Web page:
The way Debarghya Das writes it, he hacked into the Indian education system for a lark. Two of his close friends were waiting for their ICSE and ICS results. The nervous students asked Das, a Cornell University graduate, to do them a favour – would he mind hacking into the board result website so that they could know their results a day earlier?
Several hours later, Das was finished. In front of him he had the results of an entire year’s worth of ICSE and ICS results. Over 2,00,000 Indian students’ results, names, schools and dates of birth were revealed to him. Without any fancy programming or a highly trained team, a college graduate (albeit one who is now interning at Google) with just a URL, was able to compromise the behemoth that is our educational system.
Das seemed confused about how easy it was. “I had all the ISC and ICSE results on my very own computer, in a bunch of comma-separated value files,” he writes. “It was truly incredible. It was 26 megabytes of pure, magnificent data. An Excel file I couldn't scroll to the bottom of. Just for kicks, I Ctrl+F'd a few names I knew and what do you know? There they were. Line after line of names, subjects and numbers. It was truly mesmerising.”
This is a story straight out of hyphenated Hollywood, but instead of romantic-comedy-drama, it’s a thriller-horror-documentary.
There’ve never been many positive things to say about the Indian educational system. It’s a life or death matter, quite literally at times.
But now, as the system attempts to lurch forward into the future with results being posted online, such ‘progress’ has only succeeded in opening a new can of worms.
Today, thousands of students who were attempting to register for Delhi University's new four-year course were stuck for hours because of a technical glitch. Previous problems with the online system have been comparatively minor - what’s a technical glitch at Pune University when compared to the virtual trapdoor that Das slipped through? It’s every tense student’s dream, but it should be our collective nightmare. The leap of faith we undertake as a society when we entrust a generation’s future with a rickety, outdated educational system has just been confirmed – if we needed it – as a suicide mission.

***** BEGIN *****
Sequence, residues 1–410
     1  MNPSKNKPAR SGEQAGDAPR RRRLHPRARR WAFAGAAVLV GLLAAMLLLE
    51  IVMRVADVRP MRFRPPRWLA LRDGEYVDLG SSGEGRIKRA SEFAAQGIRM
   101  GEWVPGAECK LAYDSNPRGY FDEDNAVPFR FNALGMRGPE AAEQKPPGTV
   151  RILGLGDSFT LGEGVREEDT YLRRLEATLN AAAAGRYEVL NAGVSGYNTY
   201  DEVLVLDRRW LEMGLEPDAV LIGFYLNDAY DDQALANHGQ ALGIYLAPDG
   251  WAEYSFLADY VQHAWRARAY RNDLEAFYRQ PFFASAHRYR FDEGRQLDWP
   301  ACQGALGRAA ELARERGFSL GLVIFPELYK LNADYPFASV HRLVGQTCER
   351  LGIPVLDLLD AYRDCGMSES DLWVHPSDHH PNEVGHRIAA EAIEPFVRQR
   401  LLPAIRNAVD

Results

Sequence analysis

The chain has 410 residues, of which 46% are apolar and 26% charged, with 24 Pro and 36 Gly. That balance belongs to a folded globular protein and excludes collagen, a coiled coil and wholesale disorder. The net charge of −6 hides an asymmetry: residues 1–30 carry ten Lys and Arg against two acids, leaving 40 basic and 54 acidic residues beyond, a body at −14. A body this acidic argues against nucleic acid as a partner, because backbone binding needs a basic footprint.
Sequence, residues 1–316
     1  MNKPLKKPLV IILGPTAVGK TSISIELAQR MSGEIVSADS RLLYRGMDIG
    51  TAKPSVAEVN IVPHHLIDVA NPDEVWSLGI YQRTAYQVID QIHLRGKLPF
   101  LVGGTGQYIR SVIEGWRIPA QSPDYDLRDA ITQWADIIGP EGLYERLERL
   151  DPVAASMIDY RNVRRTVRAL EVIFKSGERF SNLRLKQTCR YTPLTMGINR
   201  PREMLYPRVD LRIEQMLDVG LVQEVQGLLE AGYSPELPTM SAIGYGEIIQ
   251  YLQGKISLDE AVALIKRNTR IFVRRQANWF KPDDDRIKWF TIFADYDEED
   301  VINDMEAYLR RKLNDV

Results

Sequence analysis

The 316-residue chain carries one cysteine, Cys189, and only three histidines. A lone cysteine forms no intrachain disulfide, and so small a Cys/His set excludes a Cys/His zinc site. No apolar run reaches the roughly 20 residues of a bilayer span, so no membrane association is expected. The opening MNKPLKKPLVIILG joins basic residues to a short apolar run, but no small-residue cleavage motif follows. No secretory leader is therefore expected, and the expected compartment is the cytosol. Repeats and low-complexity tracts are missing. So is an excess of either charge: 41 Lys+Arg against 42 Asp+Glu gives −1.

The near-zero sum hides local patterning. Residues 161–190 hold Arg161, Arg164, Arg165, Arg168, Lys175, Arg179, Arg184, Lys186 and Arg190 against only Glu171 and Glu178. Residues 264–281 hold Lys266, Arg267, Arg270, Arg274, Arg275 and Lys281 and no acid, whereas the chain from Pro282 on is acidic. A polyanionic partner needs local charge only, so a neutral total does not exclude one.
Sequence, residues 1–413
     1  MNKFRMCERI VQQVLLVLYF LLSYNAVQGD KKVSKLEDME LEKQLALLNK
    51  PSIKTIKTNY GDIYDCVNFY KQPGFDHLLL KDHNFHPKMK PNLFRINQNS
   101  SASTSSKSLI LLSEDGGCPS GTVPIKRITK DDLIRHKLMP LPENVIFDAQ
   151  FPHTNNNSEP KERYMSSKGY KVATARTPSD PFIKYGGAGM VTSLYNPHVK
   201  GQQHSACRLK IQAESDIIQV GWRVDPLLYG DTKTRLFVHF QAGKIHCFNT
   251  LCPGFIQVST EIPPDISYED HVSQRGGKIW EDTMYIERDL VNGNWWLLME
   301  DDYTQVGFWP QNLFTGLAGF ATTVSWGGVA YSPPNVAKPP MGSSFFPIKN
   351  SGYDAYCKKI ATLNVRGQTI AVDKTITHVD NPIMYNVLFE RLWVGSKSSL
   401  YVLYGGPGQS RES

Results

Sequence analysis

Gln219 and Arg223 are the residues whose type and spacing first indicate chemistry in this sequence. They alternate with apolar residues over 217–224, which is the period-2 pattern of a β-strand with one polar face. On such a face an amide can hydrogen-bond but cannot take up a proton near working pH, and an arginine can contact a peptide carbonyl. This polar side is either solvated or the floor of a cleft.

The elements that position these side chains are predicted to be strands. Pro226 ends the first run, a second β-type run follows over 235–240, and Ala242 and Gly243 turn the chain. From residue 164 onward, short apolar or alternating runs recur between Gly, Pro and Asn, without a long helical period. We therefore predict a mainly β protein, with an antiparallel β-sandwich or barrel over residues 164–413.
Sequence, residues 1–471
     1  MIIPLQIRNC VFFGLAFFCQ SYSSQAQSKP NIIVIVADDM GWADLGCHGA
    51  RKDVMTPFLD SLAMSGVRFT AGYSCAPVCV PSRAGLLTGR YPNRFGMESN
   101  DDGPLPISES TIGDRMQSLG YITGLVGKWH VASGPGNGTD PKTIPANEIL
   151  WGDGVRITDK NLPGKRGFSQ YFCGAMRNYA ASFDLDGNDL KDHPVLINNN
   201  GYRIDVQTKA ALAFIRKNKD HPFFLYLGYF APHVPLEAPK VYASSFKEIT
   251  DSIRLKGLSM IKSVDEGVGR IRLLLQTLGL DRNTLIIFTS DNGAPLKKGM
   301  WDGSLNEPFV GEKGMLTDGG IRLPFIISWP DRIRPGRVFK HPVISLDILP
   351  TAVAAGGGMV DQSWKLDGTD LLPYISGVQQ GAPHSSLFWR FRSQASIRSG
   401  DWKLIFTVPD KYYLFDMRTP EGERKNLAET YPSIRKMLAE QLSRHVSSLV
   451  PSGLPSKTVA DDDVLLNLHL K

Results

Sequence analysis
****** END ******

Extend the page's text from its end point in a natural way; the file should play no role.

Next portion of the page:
India’s cyber security is notoriously weak. For a long time, this has been credited to a lack of cyber expertise. We just don’t have enough trained personnel to man the various forays made by the country’s institutions into the online world. Calls for advancement and digitalisation are all well and good, but without the required infrastructure, it’s a fool’s errand.
Das’s account released today, the same day that China retaliated to US’s claims of high-tech hacking originating from Chinese soil, claiming that they have “mountains of data” to prove that US hacking has been aimed at China. If there’s any ground to India’s claims of being a world player, it’s the runt of the playground. It can’t even keep a tight lid on high school exam results.
There are steps being taken. Just a week ago, the PMO sanctioned Rs1,000 crore to combat cyber-attacks. The plan will include the setting up of new agencies and coordination cells to improve responses to threats. Besides this, a cyber security policy was announced last month and approved by the Cabinet Committee on Security.
But policies and agencies, committees and four-year plans are notoriously shaky endeavours in our country. The cyber security situation needs an immediate redressal in the form of large-scale recruitment of trained individuals. We’re already online, and so are our board exam results, the supposed foundations of our futures.
Guess what? Our future’s been hacked.
Published Date: Jun 06, 2013 05:28 pm | Updated Date: Jun 06, 2013 05:33 pm